Jane Wong, Pt. 1: To raise children with good legs and arms. / Isn’t this all we want?

For each day of National Poetry Month one of our fellows will explore the breadth of poetry in three ways: through a question from another fellow, through a poem and through a writing prompt, #writetoday.


Sally Wen Mao asks, Poetic windfalls are the best. Has there been a moment in your researching, drafting, writing, or revising stage where you found something (an experience, a new obsession, a curiosity, a discovery) that swept you toward renewing or invigorating your work or poetic practice? Describe for me what your poetic windfall is, and the adventure you had with it — if you can’t think of anything, then describe what your ideal poetic windfall would be!

Jane Wong responds, 

My understanding of a windfall is something that knocks you off your feet, in such a way that you’re unable to see the world the way you did before. I have been windfalling for a while! I remember reading persona poems like Thomas James’s “Mummy of a Lady Named Jemutesonekh XXI Dynasty” and thinking: what if you could write from the position of someone close to you? Does the line between yourself and the person become blurry? I’ve always been curious about the lives of others, particularly my parents. Sometimes, I feel like I know nothing about them - especially my father, who’s absent from my life. I started writing poems as if I were my father (as in “The Good Work”) and my mother (I just started a series of poems that embodies a year in her life). This windfall feels energizing and a bit risky. The gap between the familiar and the unfamiliar is much harder to bridge.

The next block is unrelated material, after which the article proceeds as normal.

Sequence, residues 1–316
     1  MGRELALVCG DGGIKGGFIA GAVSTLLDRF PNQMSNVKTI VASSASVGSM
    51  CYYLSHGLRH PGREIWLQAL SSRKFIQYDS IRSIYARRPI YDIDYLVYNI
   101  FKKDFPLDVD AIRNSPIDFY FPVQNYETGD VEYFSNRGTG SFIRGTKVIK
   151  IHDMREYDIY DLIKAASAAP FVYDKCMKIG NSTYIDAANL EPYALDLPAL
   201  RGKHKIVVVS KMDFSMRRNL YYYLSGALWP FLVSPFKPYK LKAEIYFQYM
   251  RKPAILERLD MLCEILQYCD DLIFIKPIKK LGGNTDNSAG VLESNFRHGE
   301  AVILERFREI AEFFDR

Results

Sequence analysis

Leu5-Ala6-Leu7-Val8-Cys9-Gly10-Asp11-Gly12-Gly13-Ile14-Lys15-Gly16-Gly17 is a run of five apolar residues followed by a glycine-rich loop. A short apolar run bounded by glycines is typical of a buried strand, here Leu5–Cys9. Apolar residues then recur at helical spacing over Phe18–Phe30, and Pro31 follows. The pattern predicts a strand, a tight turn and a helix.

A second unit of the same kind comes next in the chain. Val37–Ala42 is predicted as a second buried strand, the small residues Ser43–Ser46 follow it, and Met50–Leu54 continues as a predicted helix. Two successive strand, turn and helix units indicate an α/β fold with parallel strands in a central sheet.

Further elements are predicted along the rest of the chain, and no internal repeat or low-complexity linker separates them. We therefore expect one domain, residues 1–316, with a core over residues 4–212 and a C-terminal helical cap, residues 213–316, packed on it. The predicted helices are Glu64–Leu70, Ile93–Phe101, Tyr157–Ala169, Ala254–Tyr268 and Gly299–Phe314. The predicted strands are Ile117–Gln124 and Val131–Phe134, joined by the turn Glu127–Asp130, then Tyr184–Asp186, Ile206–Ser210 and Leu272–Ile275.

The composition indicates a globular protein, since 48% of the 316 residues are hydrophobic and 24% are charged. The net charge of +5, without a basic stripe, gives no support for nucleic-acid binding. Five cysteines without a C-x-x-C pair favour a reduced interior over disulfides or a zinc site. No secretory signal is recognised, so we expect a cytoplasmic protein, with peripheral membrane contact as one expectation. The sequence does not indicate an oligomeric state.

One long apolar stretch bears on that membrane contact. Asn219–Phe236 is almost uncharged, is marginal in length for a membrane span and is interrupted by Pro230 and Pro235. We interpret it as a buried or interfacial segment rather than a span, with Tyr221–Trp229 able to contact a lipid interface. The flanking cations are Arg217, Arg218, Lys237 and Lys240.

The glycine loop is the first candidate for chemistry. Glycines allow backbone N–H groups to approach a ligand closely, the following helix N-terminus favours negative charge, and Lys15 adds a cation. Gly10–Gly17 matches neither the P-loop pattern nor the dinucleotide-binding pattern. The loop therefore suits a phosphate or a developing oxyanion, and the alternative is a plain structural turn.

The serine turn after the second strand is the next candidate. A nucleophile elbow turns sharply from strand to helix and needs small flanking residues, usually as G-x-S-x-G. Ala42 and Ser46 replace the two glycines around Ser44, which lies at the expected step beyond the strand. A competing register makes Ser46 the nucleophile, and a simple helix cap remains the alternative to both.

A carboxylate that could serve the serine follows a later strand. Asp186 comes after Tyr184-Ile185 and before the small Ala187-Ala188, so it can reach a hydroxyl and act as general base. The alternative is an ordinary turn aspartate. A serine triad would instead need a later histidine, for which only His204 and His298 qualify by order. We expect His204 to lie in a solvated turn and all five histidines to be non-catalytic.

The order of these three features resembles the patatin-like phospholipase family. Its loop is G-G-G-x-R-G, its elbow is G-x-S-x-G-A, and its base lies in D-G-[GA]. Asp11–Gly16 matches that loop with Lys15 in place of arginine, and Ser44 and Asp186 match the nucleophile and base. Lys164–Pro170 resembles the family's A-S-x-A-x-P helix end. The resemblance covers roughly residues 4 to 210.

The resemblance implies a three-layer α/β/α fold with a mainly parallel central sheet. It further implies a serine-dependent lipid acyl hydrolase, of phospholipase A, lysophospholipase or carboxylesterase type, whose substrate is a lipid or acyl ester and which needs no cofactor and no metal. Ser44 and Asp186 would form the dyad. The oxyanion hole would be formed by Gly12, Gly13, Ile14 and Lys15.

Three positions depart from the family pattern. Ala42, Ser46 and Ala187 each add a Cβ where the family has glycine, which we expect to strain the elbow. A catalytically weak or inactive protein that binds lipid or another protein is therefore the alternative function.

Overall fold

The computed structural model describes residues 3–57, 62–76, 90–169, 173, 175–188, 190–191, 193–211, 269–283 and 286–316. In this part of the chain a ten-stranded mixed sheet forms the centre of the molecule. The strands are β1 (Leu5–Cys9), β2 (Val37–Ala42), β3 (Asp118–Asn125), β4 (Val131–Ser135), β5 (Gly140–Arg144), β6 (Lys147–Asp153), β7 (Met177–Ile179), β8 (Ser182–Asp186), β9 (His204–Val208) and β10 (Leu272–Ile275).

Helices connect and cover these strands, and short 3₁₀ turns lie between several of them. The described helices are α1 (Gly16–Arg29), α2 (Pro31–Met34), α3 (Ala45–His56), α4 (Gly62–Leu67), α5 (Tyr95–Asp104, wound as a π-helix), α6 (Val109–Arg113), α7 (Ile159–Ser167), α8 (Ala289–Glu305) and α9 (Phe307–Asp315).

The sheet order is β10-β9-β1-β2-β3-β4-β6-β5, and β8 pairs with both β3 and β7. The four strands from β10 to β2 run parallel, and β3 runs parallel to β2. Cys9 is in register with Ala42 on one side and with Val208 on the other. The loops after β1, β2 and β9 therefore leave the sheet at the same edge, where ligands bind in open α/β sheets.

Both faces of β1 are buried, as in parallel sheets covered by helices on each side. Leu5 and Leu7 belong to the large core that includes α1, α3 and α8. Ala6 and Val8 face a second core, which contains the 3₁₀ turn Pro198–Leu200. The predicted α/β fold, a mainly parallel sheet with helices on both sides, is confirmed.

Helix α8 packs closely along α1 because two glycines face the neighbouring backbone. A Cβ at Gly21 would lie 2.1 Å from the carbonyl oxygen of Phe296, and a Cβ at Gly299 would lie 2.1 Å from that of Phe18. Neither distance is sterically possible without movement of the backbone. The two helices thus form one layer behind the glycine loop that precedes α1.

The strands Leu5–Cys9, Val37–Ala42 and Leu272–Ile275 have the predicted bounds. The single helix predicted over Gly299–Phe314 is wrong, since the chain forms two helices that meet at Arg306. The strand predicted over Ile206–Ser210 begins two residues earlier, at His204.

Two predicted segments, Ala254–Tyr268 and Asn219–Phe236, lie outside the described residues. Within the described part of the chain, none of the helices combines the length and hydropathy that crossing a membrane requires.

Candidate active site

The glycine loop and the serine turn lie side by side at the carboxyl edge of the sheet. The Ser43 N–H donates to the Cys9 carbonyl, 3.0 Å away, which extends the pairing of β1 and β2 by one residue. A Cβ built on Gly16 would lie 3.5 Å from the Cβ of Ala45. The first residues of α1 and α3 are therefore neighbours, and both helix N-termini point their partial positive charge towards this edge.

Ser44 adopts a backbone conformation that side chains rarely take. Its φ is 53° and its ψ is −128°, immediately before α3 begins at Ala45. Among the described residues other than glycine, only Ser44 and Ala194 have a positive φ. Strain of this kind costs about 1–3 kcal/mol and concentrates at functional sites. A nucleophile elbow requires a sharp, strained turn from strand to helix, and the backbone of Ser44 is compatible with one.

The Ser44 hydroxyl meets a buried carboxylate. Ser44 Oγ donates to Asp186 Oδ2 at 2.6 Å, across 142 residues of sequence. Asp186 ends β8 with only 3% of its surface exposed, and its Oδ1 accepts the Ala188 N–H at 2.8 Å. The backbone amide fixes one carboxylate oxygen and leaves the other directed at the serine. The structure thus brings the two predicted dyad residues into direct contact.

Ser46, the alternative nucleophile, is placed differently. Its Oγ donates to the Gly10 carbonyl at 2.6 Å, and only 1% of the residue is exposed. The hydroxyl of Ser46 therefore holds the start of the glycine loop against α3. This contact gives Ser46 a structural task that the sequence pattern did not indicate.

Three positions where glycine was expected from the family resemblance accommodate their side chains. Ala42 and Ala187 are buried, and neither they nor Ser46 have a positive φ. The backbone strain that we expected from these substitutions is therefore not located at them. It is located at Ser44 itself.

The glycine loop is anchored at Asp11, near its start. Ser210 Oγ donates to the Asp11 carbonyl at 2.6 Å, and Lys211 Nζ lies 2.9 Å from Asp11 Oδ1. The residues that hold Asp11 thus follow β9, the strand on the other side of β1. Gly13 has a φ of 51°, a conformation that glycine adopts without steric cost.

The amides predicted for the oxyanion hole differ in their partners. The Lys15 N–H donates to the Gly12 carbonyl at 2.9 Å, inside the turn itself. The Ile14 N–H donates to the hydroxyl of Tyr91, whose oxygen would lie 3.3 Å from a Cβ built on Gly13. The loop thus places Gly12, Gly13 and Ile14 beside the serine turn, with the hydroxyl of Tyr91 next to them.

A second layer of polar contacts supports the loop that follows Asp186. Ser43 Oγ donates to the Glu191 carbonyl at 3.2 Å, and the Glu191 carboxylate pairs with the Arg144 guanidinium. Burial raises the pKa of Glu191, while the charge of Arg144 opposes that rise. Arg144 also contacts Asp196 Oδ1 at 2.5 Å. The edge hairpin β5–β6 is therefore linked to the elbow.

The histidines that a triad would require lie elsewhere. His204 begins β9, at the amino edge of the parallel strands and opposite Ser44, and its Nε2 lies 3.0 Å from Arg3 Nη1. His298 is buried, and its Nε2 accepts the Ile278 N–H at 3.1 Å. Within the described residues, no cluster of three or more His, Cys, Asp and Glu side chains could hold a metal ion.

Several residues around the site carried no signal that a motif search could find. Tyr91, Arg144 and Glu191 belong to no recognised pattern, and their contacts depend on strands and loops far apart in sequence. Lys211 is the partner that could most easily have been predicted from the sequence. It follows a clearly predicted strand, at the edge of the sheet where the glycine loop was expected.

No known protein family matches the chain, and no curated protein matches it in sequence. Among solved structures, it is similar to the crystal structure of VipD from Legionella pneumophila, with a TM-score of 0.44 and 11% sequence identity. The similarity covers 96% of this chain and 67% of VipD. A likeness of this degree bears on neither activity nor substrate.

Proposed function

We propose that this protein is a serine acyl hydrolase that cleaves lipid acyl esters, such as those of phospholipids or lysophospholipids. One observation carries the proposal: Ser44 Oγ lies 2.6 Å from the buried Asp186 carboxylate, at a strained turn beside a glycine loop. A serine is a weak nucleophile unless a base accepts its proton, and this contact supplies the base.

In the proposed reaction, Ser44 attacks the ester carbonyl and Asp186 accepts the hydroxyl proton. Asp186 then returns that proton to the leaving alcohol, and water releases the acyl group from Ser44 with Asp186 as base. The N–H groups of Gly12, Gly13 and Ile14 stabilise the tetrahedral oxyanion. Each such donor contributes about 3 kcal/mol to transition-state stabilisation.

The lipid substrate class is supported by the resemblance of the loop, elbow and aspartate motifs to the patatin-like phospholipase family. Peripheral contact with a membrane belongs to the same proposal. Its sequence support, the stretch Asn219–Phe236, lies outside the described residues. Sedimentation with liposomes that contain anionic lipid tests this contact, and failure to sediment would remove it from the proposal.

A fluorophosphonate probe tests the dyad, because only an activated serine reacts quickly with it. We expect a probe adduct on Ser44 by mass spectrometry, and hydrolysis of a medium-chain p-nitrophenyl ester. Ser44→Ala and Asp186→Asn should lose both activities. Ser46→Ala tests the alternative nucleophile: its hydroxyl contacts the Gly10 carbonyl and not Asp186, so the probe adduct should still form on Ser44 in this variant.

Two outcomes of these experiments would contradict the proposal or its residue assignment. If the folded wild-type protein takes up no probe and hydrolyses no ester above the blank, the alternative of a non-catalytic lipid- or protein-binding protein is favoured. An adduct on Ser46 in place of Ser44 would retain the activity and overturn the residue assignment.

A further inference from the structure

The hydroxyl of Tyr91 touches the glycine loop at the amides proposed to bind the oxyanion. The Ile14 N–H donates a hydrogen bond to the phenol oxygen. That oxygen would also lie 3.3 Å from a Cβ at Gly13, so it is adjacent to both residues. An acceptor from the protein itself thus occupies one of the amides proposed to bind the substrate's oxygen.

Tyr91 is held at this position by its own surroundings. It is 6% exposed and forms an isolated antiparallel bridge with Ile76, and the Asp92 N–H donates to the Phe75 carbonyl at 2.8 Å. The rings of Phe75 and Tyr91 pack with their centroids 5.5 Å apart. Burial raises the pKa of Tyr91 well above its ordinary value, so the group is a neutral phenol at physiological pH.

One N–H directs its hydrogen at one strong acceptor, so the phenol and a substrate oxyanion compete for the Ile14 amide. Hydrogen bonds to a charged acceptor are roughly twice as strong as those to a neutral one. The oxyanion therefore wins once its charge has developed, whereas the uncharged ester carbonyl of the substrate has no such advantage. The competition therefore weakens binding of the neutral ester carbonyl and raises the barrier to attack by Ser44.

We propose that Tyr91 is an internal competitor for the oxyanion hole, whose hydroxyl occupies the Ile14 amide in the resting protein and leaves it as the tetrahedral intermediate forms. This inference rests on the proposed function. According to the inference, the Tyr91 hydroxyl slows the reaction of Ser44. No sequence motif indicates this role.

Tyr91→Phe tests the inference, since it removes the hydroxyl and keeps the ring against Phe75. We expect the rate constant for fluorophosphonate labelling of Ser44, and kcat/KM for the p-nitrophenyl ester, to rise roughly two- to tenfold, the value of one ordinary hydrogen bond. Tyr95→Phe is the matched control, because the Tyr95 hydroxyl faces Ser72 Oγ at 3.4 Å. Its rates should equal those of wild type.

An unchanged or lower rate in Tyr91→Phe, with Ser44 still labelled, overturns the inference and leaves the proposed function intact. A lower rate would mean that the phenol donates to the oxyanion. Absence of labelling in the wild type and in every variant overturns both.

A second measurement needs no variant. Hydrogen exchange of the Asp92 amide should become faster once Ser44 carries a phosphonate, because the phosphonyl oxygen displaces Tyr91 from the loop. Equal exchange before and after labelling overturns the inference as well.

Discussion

I left the light on in the kitchen again.

A spider burned in the bulb. It was a morning

owl who joined me in the song of its burning.

To raise children with good legs and arms.

Isn’t this all we want? I worry about my daughter.

To be a good man. To be good?

Across the street, a family clears logs from their front yard.

Cedar smoke fills the air. My breath splinters, I hold

a rest note too long. Arrested, always. The sky

is an ice pattern I could break open. I could

have been a mathematician. I could have loved my daughter.

Saddle up to me, I’d say. Let this horse do the work.

 (Previously published in The Journal)

The recipient of fellowships and scholarships from the U.S. Fulbright Program, Kundiman, the Bread Loaf Writers’ Conference, and the Fine Arts Work Center, Jane Wong’s poems can be found in places such as Hayden’s Ferry Review, Salt Hill, Linebreak, The Volta, Best New Poets 2012, and others.